This won't mean much to most of you, but Ernie Harwell died. He was a longtime baseball broadcaster in Detroit, for some crazy 50 years. Sure, he was still the steady voice of the Detroit Tigers when I was growing up, but he was more of a steady presence for my father, who'd listened to him for his entire life.
This morning my dad sent me a text message (well, 2 because it was so long) saying:
Ernie Harwell's passing is one of those life's semicolons; causing those, at least of my generation, to pause and ponder the passing of one of those subtle constants that moors one's life. He epitomized baseball which in itself epitomizes certain immutable values of Americana. His passing is worth noting.
While I really enjoy my father's actual use of a semicolon after using that phrase (because I'm like that), and how eloquent my father can be over text message (he also says OMG when texting about hockey), I've always liked that expression. That built-in moment in life of stopping to think, "Huh."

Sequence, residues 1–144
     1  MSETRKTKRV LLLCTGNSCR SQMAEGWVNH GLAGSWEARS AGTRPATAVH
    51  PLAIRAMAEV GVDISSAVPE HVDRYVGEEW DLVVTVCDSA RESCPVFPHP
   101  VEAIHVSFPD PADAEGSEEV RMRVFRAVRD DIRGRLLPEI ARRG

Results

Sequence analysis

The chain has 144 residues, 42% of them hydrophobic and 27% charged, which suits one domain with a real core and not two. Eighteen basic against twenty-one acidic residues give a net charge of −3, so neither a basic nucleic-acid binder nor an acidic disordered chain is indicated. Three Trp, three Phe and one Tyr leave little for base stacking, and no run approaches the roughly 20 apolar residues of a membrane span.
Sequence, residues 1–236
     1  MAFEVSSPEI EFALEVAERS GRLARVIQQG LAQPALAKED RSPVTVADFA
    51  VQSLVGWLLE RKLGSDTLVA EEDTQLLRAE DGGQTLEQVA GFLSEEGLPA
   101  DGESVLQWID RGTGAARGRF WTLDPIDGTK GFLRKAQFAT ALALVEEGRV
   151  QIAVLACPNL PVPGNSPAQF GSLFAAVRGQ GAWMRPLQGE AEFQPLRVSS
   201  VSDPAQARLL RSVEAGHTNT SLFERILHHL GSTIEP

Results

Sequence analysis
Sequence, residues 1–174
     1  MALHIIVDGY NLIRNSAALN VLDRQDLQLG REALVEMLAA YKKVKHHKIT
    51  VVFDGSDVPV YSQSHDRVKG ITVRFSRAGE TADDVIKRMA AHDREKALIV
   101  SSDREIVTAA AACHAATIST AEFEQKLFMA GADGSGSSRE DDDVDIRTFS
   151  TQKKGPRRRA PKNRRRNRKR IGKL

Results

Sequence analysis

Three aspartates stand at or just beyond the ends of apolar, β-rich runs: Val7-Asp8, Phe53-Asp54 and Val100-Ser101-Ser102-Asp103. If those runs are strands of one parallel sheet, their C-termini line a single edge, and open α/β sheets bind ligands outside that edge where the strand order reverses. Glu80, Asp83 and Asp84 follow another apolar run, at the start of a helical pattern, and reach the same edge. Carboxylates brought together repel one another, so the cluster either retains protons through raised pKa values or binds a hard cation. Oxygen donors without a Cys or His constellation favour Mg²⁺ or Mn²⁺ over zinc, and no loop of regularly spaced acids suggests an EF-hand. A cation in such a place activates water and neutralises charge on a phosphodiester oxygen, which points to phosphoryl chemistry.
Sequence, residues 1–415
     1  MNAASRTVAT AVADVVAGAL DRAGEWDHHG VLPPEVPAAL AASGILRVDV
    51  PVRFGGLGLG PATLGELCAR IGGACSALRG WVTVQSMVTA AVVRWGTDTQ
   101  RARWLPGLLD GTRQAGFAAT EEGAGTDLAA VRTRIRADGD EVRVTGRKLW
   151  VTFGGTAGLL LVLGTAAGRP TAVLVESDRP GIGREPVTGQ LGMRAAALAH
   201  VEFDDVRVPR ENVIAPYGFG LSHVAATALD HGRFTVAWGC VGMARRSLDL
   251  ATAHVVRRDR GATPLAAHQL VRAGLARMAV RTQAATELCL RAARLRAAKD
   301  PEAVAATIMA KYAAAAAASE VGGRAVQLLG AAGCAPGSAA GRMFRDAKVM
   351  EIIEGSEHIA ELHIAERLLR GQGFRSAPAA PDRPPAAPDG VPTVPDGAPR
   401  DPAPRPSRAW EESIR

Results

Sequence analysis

It's weird to think about things from your childhood no longer existing...especially when they are people. That sense of nostalgia is so bittersweet, because it's a great memory but you get slapped upside the head by the impermanence of pretty much anything. The things that feel constant won't be forever.
Not to make myself seem stupid and young, but I imagine this must happen so much more often the older you get. My parents are both turning 60 this year, and while I don't think that's old by any stretch, I'm sure they're spending a lot of time going "How did THAT happen?" Hell, I think that as I get closer to 30. It's young, but not that young. There's so much left to do.
But back to the point, I'm sad about Ernie Harwell. He retired several years ago, but it's weird to think of that being permanently done. And I'm sad for my dad, who gets hit really hard by his sentimentality and nostalgia. But at least he has the entire Ernie Harwell box set to listen to and think about great things like baseball.